Patent application title: CONFIGURABLE BANDWIDTH MEMORY DEVICES AND METHODS
Joe M. Jeddeloh (Shoreview, MN, US)
IPC8 Class: AG11C502FI
Class name: Static information storage and retrieval format or disposition of elements
Publication date: 2012-10-11
Patent application number: 20120257434
Memory devices and methods are described, such as those that include a
stack of memory dies and an attached logic die. Method and devices
described provide for configuring bandwidth for selected portions of a
stack of memory dies. Additional devices, systems, and methods are
1. A memory device, comprising: a stack of memory dies, including a
number of memory vaults; a logic die coupled to the stack of memory dies;
a memory fabric control register selectably coupled to the number of
memory vaults to select a number of vaults that operate synchronously for
a single memory request.
2. The memory device of claim 1, wherein the memory fabric control register is adapted to select the number of vaults at manufacture.
3. The memory device of claim 1, wherein the logic die is located apart from the stack of memory dies.
4. The memory device of claim 1, wherein the logic die is stacked with the stack of memory dies.
5. A memory device, comprising: a stack of memory dies, including a number of memory vaults; a logic die coupled to the stack of memory dies; a memory fabric control register selectably coupled to the number of memory vaults to select a number of vaults that operate synchronously for a single memory request; and a buffered connection between an originating and/or destination device and the stack of memory dies.
6. The memory device of claim 5, wherein the buffered connection includes a plurality of buffered connections.
7. The memory device of claim 6, wherein the plurality of buffered connections include one buffered connection associated with each memory vault.
8. The memory device of claim 6, wherein each vault includes both a direct connection to an originating and/or destination device, and a buffered connection to the originating and/or destination device.
9. A system, comprising: a stack of memory dies, including a number of memory vaults; a logic die coupled to the stack of memory dies; a switch selectably coupled to the number of memory vaults to dynamically select a number of vaults that operate synchronously for a single memory request during operation of the apparatus.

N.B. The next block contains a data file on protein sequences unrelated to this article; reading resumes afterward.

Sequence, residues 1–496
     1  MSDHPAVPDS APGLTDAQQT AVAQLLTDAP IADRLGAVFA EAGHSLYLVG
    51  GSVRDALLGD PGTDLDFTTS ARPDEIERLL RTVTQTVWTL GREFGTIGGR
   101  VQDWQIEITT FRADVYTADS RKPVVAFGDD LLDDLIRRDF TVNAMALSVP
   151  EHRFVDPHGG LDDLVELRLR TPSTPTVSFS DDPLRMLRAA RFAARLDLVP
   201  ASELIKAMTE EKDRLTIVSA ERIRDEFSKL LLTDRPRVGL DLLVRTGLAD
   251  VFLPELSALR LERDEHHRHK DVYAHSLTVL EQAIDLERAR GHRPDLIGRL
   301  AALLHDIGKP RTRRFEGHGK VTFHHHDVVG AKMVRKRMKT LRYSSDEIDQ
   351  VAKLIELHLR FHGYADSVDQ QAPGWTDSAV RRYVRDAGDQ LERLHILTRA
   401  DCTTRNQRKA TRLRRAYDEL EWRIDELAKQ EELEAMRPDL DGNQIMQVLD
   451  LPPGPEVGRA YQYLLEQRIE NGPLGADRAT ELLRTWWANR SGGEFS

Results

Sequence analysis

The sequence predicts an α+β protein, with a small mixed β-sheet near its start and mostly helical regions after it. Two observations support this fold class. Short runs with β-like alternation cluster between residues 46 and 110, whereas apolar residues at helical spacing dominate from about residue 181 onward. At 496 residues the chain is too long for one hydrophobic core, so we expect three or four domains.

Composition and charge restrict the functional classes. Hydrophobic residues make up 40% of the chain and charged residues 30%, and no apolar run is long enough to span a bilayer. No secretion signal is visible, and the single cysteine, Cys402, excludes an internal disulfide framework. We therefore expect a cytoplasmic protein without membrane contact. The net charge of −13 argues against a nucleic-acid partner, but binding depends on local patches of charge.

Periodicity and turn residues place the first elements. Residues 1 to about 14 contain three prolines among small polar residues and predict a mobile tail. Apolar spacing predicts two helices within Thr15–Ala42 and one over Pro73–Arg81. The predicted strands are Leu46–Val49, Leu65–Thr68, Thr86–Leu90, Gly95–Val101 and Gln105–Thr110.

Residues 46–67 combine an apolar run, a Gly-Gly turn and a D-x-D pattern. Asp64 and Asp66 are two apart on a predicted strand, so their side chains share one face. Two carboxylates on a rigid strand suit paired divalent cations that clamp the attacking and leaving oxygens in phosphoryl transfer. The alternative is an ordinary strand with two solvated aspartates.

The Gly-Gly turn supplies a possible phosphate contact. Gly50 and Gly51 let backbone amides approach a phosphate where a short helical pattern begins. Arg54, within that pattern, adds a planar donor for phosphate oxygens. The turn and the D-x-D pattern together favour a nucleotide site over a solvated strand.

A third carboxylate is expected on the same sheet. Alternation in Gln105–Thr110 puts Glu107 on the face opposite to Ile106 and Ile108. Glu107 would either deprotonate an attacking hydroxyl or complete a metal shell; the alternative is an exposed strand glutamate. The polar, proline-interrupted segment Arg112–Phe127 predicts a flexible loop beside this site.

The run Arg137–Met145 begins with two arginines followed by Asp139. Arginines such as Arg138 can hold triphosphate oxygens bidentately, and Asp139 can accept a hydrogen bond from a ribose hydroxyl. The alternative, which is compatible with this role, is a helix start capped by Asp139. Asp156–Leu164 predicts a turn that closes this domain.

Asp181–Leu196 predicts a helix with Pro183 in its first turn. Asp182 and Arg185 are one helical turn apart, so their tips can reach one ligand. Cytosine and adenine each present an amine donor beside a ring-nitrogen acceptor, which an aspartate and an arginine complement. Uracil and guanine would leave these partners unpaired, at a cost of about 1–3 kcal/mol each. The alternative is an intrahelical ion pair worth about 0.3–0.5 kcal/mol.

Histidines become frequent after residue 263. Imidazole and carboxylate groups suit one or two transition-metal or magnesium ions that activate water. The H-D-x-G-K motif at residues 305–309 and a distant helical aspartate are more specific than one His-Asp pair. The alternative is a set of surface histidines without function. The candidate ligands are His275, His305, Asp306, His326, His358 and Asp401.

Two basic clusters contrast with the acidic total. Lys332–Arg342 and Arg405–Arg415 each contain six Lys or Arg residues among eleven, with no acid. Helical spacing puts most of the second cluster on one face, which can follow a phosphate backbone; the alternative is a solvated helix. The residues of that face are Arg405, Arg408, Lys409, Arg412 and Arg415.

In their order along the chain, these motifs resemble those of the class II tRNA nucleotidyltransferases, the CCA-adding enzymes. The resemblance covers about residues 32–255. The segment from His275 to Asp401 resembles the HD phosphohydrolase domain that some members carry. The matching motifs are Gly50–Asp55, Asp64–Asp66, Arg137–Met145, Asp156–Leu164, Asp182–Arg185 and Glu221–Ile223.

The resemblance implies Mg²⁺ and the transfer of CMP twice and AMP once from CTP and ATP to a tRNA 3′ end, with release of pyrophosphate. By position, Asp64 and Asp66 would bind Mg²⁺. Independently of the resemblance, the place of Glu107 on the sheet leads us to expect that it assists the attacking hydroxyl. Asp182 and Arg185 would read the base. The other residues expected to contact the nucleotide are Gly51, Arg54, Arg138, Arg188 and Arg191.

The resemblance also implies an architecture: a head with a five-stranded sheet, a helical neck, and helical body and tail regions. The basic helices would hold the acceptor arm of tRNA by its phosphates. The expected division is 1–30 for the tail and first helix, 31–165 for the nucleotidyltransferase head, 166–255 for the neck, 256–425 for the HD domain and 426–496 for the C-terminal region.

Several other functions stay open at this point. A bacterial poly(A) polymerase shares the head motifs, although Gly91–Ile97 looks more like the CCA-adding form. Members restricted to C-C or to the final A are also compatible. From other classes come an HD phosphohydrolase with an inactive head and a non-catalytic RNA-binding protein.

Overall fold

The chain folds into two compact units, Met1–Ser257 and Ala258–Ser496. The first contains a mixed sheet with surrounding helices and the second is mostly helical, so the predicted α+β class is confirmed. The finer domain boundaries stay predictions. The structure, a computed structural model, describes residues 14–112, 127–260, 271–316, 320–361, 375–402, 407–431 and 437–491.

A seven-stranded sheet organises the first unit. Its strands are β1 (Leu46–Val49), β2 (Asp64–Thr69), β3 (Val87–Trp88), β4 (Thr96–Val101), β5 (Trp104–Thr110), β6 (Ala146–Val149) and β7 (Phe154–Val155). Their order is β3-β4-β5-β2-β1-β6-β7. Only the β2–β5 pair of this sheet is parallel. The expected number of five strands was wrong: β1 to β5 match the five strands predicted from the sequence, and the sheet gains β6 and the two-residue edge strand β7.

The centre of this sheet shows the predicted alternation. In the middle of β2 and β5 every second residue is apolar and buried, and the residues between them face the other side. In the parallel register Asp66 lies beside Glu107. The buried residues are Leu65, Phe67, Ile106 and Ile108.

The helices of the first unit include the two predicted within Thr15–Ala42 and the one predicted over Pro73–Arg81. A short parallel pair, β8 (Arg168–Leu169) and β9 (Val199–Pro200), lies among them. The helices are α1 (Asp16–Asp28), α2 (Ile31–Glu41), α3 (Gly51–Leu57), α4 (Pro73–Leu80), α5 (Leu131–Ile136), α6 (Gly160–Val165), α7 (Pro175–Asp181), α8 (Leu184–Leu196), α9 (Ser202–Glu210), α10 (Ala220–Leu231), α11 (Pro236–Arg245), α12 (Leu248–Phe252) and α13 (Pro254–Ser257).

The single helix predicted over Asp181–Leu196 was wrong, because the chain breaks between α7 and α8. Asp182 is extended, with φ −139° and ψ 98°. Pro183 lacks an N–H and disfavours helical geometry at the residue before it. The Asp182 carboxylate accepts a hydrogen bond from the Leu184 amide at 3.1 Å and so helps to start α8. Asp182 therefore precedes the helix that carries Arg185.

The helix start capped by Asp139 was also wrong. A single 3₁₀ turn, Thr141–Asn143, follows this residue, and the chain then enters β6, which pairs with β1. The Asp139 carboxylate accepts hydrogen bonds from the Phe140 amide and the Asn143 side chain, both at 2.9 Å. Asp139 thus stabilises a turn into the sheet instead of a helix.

10. The system of claim 9, wherein the switch is adapted to configure bandwidth in the memory device upon reset of the memory device.
11. The system of claim 9, wherein the switch is adapted to configure bandwidth in the memory device upon startup of the memory device.
12. The system of claim 9, wherein each vault includes both a direct connection to an originating and/or destination device, and a buffered connection to the originating and/or destination device.
13. A method of setting memory bandwidth, comprising: selecting a first number of vaults to operate synchronously for a first single memory request; and selecting a second number of vaults to operate synchronously for a second single memory request.
14. The method of claim 13, further including buffering a portion of a memory request between two or more vaults.
15. The method of claim 13, further including sending a portion of a memory request directly to a first vault, and buffering a portion of a memory request to a second vault.
16. The method of claim 13, wherein selection of the first number of vaults and selection of the second number of vaults is varied during memory operation.
17. The method of claim 13, further including changing the first number of vaults and the second number of vaults for a read operation to provide a read bandwidth to substantially match a read speed.
18. The method of claim 17, further including changing the first number of vaults and the second number of vaults for a write operation to provide a write bandwidth to substantially match a write speed.